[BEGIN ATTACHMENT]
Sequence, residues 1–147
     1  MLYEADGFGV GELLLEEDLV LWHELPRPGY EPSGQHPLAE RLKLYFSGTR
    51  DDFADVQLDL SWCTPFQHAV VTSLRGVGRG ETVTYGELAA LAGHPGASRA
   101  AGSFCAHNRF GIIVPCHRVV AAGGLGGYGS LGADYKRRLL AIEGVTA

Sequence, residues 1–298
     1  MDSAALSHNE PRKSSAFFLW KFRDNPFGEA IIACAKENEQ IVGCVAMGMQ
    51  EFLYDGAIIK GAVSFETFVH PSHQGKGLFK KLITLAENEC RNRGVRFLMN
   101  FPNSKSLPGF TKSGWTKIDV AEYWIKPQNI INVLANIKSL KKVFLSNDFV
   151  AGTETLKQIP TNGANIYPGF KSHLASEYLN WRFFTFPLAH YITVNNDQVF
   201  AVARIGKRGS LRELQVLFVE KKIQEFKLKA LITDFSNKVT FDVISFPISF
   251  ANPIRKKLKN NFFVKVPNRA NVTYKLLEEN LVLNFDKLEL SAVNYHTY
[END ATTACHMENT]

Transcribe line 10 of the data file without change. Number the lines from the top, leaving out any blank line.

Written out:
   201  AVARIGKRGS LRELQVLFVE KKIQEFKLKA LITDFSNKVT FDVISFPISF